Prior to this week, I honestly didn’t know too much about cryptocurrency. I knew the basics, mostly hearing or reading about Bitcoin. I knew there were other types, but had no clue how many. I’ve even got a “if only I would have” story about it; I considered buying some for fun around 2010-2011, but didn’t care enough about it to actually figure out how. Bitcoin was worth around $0.008…if I’d bought $20 worth, at the current price of $3,241.40, that’d be over $8 million now. So, over the past week, I started looking at how this system works, and exploring other types of coins.
First and foremost a disclaimer; even though I’ve now purchased some coins and will share my information here, I’m still definitely not an expert. I’m not an expert on cryptocurrency, nor am I a financial expert. So, take this information for what it’s worth.
So, let’s talk some basics. There are actually hundreds of cryptocurrencies! And their market capitalizations (total number of shares times dollar value of each share) are pretty high, comparable to major companies traded on the stock market. I recommend checking out Coin Market Cap (https://coinmarketcap.com/currencies/views/all/) to learn about the most valuable currencies out there now; they list 843 tradeable cryptocurrencies on the market today. To get into these markets, you’ll need two main things; at least one cryptocurrency wallet, and access to at least one cryptocurrency exchange.
Now, here’s where you have to be a bit careful. You may have read news articles over the past few years about people losing their currency investments, owners of certain sites closing them down and stealing people’s money. Or hackers stealing balances. As far as I can tell, these things happened to exchanges. Everything I’ve read so far says, although you can store your cryptocurrency balances on these exchanges, you shouldn’t keep any significant amounts there. Even though most of these exchanges offer wallets to store your funds, those exchange sites keep the “private key” (https://en.bitcoin.it/wiki/Private_key). Hackers or site owners who have stolen funds from currency exchanges can do this because they hold users’ private keys. From what I’ve read, to secure your balances, you need to use a cryptocurrency wallet that allows you to maintain control of your private keys.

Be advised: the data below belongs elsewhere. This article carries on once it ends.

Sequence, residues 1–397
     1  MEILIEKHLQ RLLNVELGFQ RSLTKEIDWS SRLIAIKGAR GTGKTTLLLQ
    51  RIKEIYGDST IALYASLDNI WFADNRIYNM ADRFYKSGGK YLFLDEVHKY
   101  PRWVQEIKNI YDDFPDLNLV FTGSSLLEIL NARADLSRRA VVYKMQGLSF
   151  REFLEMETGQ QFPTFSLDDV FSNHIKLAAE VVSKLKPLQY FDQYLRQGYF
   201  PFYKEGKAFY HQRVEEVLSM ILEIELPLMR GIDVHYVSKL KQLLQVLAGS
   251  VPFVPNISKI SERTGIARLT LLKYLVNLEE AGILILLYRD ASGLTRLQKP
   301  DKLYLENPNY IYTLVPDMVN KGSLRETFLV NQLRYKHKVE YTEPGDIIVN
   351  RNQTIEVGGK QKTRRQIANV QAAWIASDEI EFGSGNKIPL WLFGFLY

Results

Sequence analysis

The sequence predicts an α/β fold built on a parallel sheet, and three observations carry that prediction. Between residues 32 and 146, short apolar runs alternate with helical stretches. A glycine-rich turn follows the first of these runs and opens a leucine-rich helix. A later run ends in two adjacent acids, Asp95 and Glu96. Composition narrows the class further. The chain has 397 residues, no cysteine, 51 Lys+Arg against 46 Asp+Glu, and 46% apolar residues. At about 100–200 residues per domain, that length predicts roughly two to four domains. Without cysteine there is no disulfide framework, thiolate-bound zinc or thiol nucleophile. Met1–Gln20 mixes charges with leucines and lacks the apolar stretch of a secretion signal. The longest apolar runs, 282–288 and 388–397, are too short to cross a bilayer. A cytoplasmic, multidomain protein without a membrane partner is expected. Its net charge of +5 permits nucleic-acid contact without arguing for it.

In this cryptocurrency experiment, I tried two exchanges; Coinbase and Bittrex. Both of these exchanges seem pretty secure to me, using two factor authentication (Password plus SMS message/Google Authentication app), and are often recommended in forums. Coinbase only allows you to purchase Bitcoin, Ethereum, or Litecoin (three of the biggest currencies), but provides straightforward transactions using a credit card or bank account. You can also convert from Bitcoin/Ethereum/Litecoin into U.S. dollars. Bittrex is more diverse, allowing access to the “altcoin” market (the hundreds of other coins out there). Altcoins are what interest me, because these are the coins that are cheap now like Bitcoin was eight years ago. My thought was to pick some cheap ones, buy a couple dollars worth, and hold them for a few years.
Here’s where the logic I used when selecting what to buy doesn’t make much sense. I thought I should buy some coins that were cheap and had a high market cap. In hindsight, this strategy is meaningless because that combination just means that coin has a higher number in circulation. I don’t see now how that would be a predictor of future growth. Regardless, here are some visuals for market cap and total shares (as of August 2017):
Overall, this is what I was aiming for; a collection of currently cheap coins that I can hold for a few years in a secure wallet (that I own the private keys for). As I mentioned above, I focused mostly on currencies in the top 100-200 market cap and were under $1 per coin. I recommend browsing through various cryptocurrency web forums to see which wallets are recommended by other users. The more popular ones include Coinomi, Copay, Jaxx, and a few others. There are also some off-line storage options that require purchasing some hardware/dongle stuff.
I ended up with a collection of 19 coins, including four very cheap ones that would be home runs if they rose in price. Here’s how I allocated my purchases:
Because cryptocurrencies are so volatile in price, performance after one week probably isn’t worth anything at all. But, I did want to include how the prices have fluctuated on the coins I purchased. I’ll post an update in a few months, to see if the price trends continued.
As you can see, this week Feathercoin, Vertcoin, and Blackcoin haven’t done too well. Myriad has done really well, which is great because it’s a super cheap one and I bought quite a few. The top coins out there, Bitcoin and Ethereum, have also done well this week. Several of my coins didn’t change in price at all. As mentioned above, we’ll check back on this experiment in a couple of months.